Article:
While reading some post-mortems of the just passed Screw The Poor Bankruptcy Bill, I came across this sneaky little stat : "With 90% of bankruptcies attributable to job loss, divorce or excessive medical bills, it is clear that better economic policies, social services and affordable healthcare is the way to reduce bankruptcy," said Rep. Lynn Woolsey (D-Petaluma) . Most of us already knew that about half of bankruptcies are precipitated by crushing medical emergency, though I'd no idea such innocuous and understandable trials as job loss and divorce made up for the rest. But isn't it weird that the answer to bankruptcy from medical bills and job loss was to make it, well, harder to declare bankruptcy? If the Bush administration had wanted to end bankruptcies, they could have offered federal reinsurance for catastrophic medical costs. You would've ended half the bankruptcies right there. If they'd wanted to do more, they could have instituted better unemployment insurance and...
  • The NBC Special Mini-Series Emergency

    Kevin Drum dismisses Kunstler's book The Long Emergency on the grounds that he tries to explain most everything through entropy. Well sure, the blatant misappropriation of physics concepts is one reason to dismiss the guy's post-apocalyptic predictions, but why stop at just one? How about the fact that Kunstler really isn't an oil expert? He was a staff writer for The Rolling Stone , published a string of (self-described) bad novels, and then wrote a few books on the crushing soullessness of suburban architecture. Hearing him confidently predict the end of civilization definitely has a crazy-guy-on-Venice feel to it. But no, you say, Rolling Stone published excerpts from the book, and if RS thinks they have merit, they probably do. Or at least they would, if Kunstler hadn't worked for RS, thus pulling that appearance into question. But maybe pseudo-physics and lack of credentials aren't enough for you. Maybe you still need one last piece of evidence that it's not quite time to head...
  • "Fundamentally Anti-Democratic"

    According to Jason Spitalnik, the House is planning 30 minutes of debate before passing the Bankruptcy Bill tomorrow. 30 minutes! I spend more than 30 minutes picking out movies at Blockbuster. I spend more than 30 minutes deciding on takeout with my friends. I spend more than 30 minutes on the treadmill. You're telling me I spend more time on the treadmill than the Senate spends debating major legislation? Jason calls this fundamentally anti-Democratic. True 'nuff. But it's also a basic affront to the idea of deliberative democracy. Good government is laying in the mud with the Republican Leadership's foot digging into its throat. and I'm sure it'd appreciate it if the press noticed, or if media populists like O'Reilly found a mere 30 minutes of debate on an anti-family bill half as deserving of airtime as some elementary school teacher saying a naughty thing about Bush. But we've reached a point in this country where the major offenses are too toweringly repugnant to wrap our minds...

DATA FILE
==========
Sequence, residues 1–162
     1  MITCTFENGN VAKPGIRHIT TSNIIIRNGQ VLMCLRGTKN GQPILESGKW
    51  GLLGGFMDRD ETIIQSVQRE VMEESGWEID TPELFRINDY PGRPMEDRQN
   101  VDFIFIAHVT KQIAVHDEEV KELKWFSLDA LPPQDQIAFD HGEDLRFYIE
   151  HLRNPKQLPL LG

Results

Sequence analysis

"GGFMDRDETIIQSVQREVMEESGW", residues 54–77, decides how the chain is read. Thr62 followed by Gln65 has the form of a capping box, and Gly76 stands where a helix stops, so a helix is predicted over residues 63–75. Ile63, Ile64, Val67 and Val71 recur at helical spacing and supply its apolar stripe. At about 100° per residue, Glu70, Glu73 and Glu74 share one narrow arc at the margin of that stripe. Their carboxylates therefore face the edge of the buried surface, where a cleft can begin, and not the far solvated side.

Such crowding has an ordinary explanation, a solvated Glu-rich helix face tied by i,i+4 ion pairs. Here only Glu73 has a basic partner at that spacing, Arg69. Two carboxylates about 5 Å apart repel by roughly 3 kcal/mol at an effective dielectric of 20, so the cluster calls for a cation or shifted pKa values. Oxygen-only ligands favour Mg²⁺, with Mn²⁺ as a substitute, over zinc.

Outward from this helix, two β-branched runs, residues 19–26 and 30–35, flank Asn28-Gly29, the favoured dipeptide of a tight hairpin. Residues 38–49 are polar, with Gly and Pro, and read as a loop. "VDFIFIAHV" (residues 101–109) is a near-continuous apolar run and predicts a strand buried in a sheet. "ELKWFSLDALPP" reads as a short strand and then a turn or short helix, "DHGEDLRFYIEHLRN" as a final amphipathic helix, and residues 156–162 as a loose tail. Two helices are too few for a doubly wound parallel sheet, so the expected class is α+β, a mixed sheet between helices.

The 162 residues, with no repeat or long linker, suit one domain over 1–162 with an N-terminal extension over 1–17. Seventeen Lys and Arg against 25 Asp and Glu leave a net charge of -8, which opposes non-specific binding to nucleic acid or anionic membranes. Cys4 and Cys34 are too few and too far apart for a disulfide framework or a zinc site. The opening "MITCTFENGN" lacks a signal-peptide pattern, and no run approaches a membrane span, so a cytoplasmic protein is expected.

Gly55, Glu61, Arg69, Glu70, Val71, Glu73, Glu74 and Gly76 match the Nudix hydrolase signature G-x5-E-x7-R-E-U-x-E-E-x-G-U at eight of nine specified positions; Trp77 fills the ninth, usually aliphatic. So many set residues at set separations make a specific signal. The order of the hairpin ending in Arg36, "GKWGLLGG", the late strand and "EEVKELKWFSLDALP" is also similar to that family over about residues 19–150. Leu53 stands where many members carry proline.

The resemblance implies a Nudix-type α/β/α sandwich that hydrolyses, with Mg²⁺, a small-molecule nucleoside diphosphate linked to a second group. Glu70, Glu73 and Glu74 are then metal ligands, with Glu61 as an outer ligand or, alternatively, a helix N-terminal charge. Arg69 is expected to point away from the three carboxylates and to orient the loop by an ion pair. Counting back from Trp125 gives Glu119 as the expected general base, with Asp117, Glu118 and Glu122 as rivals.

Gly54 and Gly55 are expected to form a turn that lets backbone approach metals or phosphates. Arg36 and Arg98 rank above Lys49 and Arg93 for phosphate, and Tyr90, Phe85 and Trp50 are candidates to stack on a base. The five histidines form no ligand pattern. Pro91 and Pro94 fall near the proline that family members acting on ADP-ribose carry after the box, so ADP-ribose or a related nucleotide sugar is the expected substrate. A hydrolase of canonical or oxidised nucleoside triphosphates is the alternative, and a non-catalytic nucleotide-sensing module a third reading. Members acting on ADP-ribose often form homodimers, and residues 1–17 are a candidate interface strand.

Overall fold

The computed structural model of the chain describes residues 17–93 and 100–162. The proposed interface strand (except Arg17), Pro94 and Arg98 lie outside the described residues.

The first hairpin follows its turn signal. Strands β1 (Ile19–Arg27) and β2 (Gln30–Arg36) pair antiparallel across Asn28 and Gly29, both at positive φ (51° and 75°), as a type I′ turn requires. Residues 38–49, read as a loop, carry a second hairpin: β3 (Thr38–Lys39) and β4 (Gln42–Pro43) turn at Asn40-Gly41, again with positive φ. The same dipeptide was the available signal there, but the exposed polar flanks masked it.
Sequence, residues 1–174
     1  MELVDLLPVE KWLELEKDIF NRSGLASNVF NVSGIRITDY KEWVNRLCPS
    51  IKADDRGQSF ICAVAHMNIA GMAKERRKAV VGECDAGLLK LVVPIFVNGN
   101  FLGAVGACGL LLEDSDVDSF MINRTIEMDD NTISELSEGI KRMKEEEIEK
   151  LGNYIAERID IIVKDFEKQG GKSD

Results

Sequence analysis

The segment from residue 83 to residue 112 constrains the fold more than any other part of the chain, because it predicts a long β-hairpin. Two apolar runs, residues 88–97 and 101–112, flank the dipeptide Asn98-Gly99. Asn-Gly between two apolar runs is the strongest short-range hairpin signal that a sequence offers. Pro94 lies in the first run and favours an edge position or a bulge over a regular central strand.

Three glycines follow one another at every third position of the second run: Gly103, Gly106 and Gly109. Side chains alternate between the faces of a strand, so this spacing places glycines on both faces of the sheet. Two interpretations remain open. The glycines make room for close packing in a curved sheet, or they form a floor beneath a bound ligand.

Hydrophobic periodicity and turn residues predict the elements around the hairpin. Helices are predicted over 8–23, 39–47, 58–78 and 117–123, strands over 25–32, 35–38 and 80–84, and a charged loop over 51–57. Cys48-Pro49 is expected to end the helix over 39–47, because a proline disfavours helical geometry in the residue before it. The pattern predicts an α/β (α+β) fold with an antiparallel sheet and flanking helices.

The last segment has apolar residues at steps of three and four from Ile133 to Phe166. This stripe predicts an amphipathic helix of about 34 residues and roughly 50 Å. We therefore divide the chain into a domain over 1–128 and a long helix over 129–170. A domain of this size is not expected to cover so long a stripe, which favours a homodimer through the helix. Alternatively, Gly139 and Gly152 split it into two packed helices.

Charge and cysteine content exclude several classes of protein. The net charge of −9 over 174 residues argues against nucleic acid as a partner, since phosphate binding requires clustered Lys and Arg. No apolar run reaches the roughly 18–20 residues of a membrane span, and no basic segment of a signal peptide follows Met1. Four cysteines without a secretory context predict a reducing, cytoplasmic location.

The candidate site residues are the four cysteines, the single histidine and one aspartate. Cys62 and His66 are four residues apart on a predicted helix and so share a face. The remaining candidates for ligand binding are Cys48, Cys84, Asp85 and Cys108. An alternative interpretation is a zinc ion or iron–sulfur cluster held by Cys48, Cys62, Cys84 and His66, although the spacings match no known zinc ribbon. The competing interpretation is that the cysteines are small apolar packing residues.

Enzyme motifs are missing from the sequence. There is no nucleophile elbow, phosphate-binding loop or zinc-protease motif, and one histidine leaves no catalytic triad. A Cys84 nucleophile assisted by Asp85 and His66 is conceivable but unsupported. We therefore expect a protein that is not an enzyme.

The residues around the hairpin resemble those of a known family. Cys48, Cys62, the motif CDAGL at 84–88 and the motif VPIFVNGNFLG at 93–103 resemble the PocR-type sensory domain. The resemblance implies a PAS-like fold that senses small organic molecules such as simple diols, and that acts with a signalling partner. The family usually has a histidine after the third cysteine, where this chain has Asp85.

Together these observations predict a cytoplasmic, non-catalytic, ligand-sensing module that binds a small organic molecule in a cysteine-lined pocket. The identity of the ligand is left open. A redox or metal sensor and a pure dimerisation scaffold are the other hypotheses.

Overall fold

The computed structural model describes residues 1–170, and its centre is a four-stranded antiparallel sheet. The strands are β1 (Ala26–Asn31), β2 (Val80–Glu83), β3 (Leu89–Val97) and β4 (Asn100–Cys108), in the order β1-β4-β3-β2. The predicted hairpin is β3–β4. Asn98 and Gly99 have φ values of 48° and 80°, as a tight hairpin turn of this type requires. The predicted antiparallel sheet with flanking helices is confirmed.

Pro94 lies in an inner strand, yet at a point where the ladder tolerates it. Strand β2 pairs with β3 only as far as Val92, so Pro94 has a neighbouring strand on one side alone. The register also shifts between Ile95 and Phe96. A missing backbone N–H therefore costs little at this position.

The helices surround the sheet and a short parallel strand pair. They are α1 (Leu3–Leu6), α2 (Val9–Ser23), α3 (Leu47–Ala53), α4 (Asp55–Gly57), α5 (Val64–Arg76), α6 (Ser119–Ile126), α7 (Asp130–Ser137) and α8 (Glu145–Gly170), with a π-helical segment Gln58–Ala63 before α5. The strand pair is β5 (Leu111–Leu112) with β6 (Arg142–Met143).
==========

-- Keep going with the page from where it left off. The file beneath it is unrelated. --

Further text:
• Nepotism

    I keep trying to summon up some rage and bile over the practice of Congressmen employing their families, but I just can't. Businesses employ family members all the time. Politics is an all-consuming occupation. If families can find ways to involve the clan, all the better. Dana Rohrabacher paying his wife $40,000 to manage his campaigns doesn't bother me (and he's my congressmen, by the way). In fact, I'm glad he does it -- hopefully it makes the process a bit less grueling for him. Tom DeLay paying his wife and daughter $500,000 over 4 years also isn't too shocking, that's an average of $62,500 per year per family member which, assuming they actually did jobs, isn't particularly excessive. Now, if there are congresscritters paying their wives and children princely sums in return for occasionally decluttering the congressman's desk, I'll call for the guy's head. But simple nepotism at fair prices is too pervasive, too understandable, and too unthreatening to really raise my blood...
  • Peak Oil

    I realize you guys have been hearing about "peak oil" a lot lately -- kinda like when everyone began talking about Social Security bend points and wage-indexing and ZZZZzzzz. But though you might be bored, you don't have to be confused. At least, not if you go read this quick and dirty primner on the subject . Via The Oil Drum. Update : So long as I'm doing oil links, this tsunami analogy is pretty spot-on. As Grouch & Eligh would say: Time -- time is of the essence. Update 2 : I'm just going to condense today's oil-related posts into this thread, even though they're not all related. Matt, I think, misunderstands something in his piece on Cartel economics: if every OPEC member cut production by 20 percent they'd all be better off. But any given OPEC member would be even better off if the whole cartel agreed to cut production 20 percent, but then your country went around and cheated on the quota. So if you cut the quota, everyone will just cheat, and everything will stay the same...